HEALTH & LIFE SCIENCES NEWS
HEALTH & LIFE SCIENCES NEWS
Exploring Critical Business and Legal Issues across the Healthcare and Life Sciences Industries
HEALTH & LIFE SCIENCES NEWS
Exploring Critical Business and Legal Issues across the Healthcare and Life Sciences Industries
Health Antitrust
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Top Takeaways: Permissible Provider Collaborations During COVID-19 and Beyond

As the healthcare industry continues to cope with the Coronavirus (COVID-19) and form strategic and short- and long-term plans, providers are faced with numerous decisions that have critical antitrust implications. Whether seeking to collaborate with competitors for pandemic response or exploring potential transactional opportunities, there are both traditional antitrust guidelines and COVID-specific developments applicable to these business decisions. We discussed these important issues on our May 20 webinar. Below are top takeaways from the program. For a deeper dive into these issues, listen to our webinar recording. 

Competitor collaborations

  • Antitrust compliance remains an important priority in the US. While companies have been engaged in finding creative solutions to COVID-19 challenges and regulators are expressing a willingness to be more flexible in interpreting and enforcing the law, the pandemic is not a carte blanche to engage in anti-competitive activity.
  • Regulators are more prone to accept collaborations limited in scope to respond to COVID-19 and its aftermath, and arrangements undertaken at the behest of or in partnership with government actors. Companies should avoid high-risk conduct such as direct exchanges of competitively sensitive information.
  • Procompetitive agreements not relating to price, wages or market/product allocations remain possible. Companies should conduct an antitrust analysis before entering new collaborations and consider whether it would be helpful or advisable to engage with federal antitrust authorities or state governments to receive feedback.

Avoiding antitrust violations in labor markets

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FTC to Look Closely at Competition between Biologics and Biosimilars and Patent Protection Strategies of Branded Manufacturers

WHAT HAPPENED

On July 18, 2018, US Food and Drug Administration (FDA) Commissioner Scott Gottlieb delivered a speech at The Brookings Institution in Washington, DC, discussing how to bolster competition from biosimilars while maintaining innovation.

The Commissioner noted the absence of true competition among biologics from biosimilar products in the United States, similarly to what the country experienced 30 years ago with respect to generics. The Commissioner said that this situation is caused, in part, by what he views as anticompetitive practices implemented by branded manufacturers, such as:

  • Rebating schemes in which drug manufacturers bundle discounts to health insurers and employers across different pharmaceutical products;
  • Multi-year contracts granting important rebates to payors, often entered into right before the entry of a biosimilar on the market;
  • Volume-based rebates;
  • Tying rebates, i.e., when rebates are offered if a product is bought together with a biologic;
  • Patent thickets, i.e., when branded manufacturers’ own dense portfolios of overlapping intellectual property rights cover biologics; and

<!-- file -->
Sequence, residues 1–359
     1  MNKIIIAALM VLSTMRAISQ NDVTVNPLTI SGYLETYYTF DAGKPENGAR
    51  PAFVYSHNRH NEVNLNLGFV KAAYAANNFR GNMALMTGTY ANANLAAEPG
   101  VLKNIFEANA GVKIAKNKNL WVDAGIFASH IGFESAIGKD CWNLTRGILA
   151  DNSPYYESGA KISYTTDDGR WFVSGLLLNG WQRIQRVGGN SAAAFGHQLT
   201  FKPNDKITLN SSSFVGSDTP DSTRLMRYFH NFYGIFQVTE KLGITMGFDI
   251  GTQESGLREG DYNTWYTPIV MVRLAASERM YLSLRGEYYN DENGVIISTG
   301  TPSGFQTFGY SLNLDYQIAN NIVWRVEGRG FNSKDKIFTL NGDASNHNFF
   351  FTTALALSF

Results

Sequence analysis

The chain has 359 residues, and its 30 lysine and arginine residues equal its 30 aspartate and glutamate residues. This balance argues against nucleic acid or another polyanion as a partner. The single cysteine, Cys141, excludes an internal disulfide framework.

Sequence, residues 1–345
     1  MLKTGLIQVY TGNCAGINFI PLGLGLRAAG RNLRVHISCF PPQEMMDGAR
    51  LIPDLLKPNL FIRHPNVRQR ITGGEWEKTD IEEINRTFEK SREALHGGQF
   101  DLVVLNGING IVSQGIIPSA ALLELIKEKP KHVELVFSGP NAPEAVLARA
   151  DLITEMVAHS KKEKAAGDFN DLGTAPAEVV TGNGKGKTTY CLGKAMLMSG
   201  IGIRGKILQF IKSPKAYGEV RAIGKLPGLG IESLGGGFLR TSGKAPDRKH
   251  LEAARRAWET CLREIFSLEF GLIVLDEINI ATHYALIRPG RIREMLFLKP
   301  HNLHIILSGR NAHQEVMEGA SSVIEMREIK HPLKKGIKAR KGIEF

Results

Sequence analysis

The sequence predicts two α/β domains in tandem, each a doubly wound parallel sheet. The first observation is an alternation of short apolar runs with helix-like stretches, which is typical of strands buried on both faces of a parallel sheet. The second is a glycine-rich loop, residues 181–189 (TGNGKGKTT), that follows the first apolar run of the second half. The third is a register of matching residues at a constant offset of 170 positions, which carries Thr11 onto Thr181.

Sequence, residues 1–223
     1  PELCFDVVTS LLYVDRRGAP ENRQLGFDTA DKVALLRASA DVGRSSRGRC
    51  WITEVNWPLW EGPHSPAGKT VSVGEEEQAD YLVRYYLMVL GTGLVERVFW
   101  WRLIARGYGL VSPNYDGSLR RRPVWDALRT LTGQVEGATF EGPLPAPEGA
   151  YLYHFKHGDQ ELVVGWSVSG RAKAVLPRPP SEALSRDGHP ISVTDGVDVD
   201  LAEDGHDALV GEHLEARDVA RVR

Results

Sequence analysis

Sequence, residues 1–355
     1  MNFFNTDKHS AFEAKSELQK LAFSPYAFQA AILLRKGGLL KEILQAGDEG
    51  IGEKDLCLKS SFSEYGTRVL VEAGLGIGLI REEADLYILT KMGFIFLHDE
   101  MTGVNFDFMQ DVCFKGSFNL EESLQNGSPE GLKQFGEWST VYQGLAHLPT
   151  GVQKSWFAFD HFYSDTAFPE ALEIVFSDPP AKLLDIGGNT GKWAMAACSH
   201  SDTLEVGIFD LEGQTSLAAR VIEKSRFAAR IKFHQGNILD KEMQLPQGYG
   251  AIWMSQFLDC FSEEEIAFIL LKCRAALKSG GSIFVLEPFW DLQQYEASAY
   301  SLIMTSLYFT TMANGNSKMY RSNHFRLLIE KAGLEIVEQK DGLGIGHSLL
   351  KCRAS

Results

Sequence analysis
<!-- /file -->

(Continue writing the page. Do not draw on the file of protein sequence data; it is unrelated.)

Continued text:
• Bundling biologics with other products, i.e., when a product is sold together with a biologic.

The Commissioner then introduced a plan (Biosimilars Action Plan) intended to apply some of the lessons learned by the FDA with respect to generic drugs to accelerate competition from biosimilars. He presented the four core action items of the Plan:

  • Improve the efficiency of biosimilars and of the approval process;
  • Maximize scientific and regulatory clarity for companies developing biosimilars;
  • Develop communications to improve understanding of biosimilars among [...]

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Three Environmental Factors Impacting the PPM Industry and Getting Deals Done

The PPM industry is by no means immune to the ebbs and flows of a traditional marketplace. Since the consolidation bubble burst in the 1990s, PPMs have gone from practically extinct to a once-again substantial component of the health care delivery system. But with greater influence comes more pressure to respond, and adapting to today’s complex operating environment requires those in the PPM industry to ensure they are building the foundational structure needed to help practices adapt to external factors and achieve long-term success.

Here are three defining aspects of today’s complex PPM environment, as well as several important considerations to help navigate environmental uncertainties and create a better patient experience.

  1. Physician satisfaction and expectations are changing: As millennial doctors enter the workforce, they’re driving a sea change in terms of job expectations. With better work-life balance as a top priority, many young physicians are looking to be employees rather than employers, joining an existing practice instead of starting their own. Therefore, communicating what a PPM has to offer in terms of long-term incentives, rather than short-term profit margins, will be crucial to drawing in younger doctors and building a foundation that will last into the future.
  2. Reimbursement strategies are evolving: Payer models and expectations continue to shift. Patients are being folded into a system that’s evolving from fee-for-service to value-based reimbursement models. As of now, the federal government is the biggest source of health care reimbursements in the country, but how legislative changes to reimbursement frameworks will impact [...]

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